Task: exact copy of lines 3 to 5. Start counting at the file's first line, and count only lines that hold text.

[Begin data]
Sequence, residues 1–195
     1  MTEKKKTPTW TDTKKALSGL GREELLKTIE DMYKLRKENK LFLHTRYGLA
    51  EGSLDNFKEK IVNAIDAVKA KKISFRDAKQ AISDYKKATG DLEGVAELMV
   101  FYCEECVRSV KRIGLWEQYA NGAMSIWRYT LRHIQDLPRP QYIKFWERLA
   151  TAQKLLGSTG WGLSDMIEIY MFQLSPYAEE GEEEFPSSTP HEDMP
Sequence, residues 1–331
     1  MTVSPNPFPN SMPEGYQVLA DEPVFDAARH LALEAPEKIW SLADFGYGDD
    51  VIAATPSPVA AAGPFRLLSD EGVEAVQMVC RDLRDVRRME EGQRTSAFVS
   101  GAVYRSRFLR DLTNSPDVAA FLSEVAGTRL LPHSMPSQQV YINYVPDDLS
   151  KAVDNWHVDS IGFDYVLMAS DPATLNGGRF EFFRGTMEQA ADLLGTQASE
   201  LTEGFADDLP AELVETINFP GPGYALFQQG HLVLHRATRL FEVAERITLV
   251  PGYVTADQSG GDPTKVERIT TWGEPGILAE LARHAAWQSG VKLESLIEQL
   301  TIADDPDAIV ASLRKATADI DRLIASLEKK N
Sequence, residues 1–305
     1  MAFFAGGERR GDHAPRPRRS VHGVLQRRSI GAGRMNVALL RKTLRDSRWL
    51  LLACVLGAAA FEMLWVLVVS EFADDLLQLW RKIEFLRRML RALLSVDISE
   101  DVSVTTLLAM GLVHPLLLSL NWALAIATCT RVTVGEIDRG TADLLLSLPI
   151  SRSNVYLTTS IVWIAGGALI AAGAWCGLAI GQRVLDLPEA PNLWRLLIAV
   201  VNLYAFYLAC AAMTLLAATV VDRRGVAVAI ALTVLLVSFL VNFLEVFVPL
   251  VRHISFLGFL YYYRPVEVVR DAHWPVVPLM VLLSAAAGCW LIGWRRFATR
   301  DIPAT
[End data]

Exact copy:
    51  EGSLDNFKEK IVNAIDAVKA KKISFRDAKQ AISDYKKATG DLEGVAELMV
   101  FYCEECVRSV KRIGLWEQYA NGAMSIWRYT LRHIQDLPRP QYIKFWERLA
   151  TAQKLLGSTG WGLSDMIEIY MFQLSPYAEE GEEEFPSSTP HEDMP